Bowen Turner, a 19-year-old South Carolina resident who was sentenced to five years' probation after being accused of raping a teenager, had his probation revoked and was ordered to register as a sex offender on Wednesday after being arrested for public disorderly conduct.
Turner, who was charged with first-degree criminal sexual conduct for allegedly raping then-16-year-old Chloe Bess in 2019, pleaded guilty this April to a reduced charge of assault and battery as part of a deal with prosecutors. In addition to sentencing him to probation, the judge said he would not have to register as a sex offender unless he violated the terms of the deal.
But a month later, Turner was arrested again in Orangeburg after a sheriff's deputy found him intoxicated and walking down a road late at night. He told the deputy he had three drinks at a bar despite being underage, according to the incident report. When he was brought to the detention center, Turner threatened a deputy who told him to put on a mask, saying, “If you try to put that mask on me, I will bite your fucking finger off.”
Turner was charged with violating probation, public disorderly conduct, purchasing or possessing alcohol as a minor, and threatening a public employee.
At his court appearance on Wednesday, his attorney Jason Turnblad said Turner admitted to having an "alcohol problem" that he would like to address through rehabilitation. He also asked Judge Roger Young to take into consideration Turner's "young age [and] his lack of a prior record before pleading to these charges."
Before he allegedly raped Bess in 2019, Turner had been accused of rape by two other teenagers in 2018. The first teen has declined to be identified publicly, said Sarah Ford, a lawyer with the South Carolina Victim Assistance Network who represents the victims and their families. The second teen, Dallas Stoller, died of a self-inflicted injury in 2021, and her case against Turner was dropped. Her family has said prosecutors told them it was because Stoller was no longer alive to testify as to whether the encounter was consensual.
Turner, who was represented in these cases by state Sen. Brad Hutto, a powerful Democrat in South Carolina, has a history of flagrant bond violations. He was out on bond in the case involving Stoller when he allegedly raped Bess in 2019. While on house arrest in Bess's case, he was found to have violated his bond order dozens of times, visiting golf courses, restaurants, malls, and once even traveling out of state to a car dealership in Georgia. He struck a plea deal with prosecutors in April, voiding a request for his bond to be revoked.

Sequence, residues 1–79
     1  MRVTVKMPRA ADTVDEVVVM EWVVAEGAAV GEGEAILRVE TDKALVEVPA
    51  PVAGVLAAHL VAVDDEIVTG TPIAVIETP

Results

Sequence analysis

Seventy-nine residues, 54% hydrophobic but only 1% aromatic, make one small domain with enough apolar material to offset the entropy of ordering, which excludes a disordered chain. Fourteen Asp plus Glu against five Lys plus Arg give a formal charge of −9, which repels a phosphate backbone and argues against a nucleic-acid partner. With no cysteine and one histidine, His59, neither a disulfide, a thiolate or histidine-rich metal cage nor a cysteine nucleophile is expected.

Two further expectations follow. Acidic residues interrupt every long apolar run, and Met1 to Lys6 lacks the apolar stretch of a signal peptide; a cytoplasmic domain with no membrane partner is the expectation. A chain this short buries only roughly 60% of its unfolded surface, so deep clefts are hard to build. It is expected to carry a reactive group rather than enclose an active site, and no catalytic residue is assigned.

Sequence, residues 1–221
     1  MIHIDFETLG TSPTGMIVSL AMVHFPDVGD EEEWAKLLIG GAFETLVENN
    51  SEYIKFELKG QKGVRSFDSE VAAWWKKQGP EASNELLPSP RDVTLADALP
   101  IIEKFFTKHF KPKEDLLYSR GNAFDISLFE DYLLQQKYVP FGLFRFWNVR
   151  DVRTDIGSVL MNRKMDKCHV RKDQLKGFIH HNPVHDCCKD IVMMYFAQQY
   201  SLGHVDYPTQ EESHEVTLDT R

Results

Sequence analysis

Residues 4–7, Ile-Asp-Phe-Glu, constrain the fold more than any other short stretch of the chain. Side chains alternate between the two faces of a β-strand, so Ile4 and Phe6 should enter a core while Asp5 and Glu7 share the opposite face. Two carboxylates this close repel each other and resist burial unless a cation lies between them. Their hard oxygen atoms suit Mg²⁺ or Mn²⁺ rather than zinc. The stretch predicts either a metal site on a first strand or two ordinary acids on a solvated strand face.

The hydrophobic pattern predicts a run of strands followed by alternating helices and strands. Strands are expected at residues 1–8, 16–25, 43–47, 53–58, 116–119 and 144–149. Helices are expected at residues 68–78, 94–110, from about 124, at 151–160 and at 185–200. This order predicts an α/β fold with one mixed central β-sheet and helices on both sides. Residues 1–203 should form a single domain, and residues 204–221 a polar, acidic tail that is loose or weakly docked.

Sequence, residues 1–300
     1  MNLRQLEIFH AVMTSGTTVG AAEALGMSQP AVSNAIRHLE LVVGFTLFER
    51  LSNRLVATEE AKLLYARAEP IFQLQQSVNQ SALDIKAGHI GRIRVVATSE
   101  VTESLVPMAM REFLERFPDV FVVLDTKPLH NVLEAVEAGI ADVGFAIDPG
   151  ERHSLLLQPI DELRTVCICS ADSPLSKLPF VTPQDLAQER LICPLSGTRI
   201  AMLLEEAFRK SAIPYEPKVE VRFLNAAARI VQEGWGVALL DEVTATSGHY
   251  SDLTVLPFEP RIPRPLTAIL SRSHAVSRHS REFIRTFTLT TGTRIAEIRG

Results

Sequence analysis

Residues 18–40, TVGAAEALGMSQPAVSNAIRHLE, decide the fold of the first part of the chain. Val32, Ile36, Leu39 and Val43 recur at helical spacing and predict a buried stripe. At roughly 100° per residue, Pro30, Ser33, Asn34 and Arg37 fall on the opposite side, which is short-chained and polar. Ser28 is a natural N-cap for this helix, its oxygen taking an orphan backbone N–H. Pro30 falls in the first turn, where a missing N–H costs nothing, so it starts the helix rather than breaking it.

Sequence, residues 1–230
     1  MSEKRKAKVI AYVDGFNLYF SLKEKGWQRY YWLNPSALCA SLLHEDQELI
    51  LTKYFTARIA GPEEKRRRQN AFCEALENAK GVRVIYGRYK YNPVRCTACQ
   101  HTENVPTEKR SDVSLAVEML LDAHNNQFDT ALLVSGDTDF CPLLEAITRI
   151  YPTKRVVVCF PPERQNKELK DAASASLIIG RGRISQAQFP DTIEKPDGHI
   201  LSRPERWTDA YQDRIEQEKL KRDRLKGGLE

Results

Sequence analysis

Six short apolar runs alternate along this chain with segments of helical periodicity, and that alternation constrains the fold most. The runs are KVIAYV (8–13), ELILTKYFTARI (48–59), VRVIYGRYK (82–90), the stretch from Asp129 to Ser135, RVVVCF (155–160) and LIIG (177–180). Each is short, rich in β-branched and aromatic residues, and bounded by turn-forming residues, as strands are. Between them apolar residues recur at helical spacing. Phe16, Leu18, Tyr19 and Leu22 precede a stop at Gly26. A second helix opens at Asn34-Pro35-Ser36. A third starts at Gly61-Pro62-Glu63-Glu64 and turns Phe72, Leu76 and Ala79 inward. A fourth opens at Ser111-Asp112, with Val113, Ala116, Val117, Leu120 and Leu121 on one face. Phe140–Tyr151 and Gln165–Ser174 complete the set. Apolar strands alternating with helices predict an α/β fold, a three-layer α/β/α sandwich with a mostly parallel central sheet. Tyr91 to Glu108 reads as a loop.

Bess's parents, Carol and Darren Bess, told BuzzFeed News in a statement that they were grateful for "a measure of justice" in their daughter's case, but expressed sadness that it took so long to happen — three years since Bess's alleged encounter — and that the other two cases still have not been resolved.
They also said Hutto's involvement in the case gave Turner favorable treatment.
"Although what happened to our daughter, the attack, the bullying, the failures of a system meant to protect citizens is bad enough — these abuses of power, must be recognized and as a family we are committed along with others involved to bring light into what otherwise is a very dark circumstance," they said.
Meanwhile, Stoller's family has petitioned 2nd Circuit Solicitor Bill Weeks to reopen her case. Her sister, Brette Tabatabai, told BuzzFeed News that her family was looking forward to hearing from Weeks's office soon.
Tabatabai said she was "a little surprised" that Turner's probation was revoked.
"Just because of the way the system has worked for Bowen and not the victims," she said. "This is one step towards justice for our girls, and I’m very optimistic that we are going to continue to see more."
Both Bess's and Stoller's families have pointed to the way their cases were handled as examples of how the justice system in South Carolina works against sexual assault victims and their rights.
"Today was a step in the right direction," Ford, the victims' attorney, said. "But it certainly doesn’t absolve what these victims have been put through over the past few years."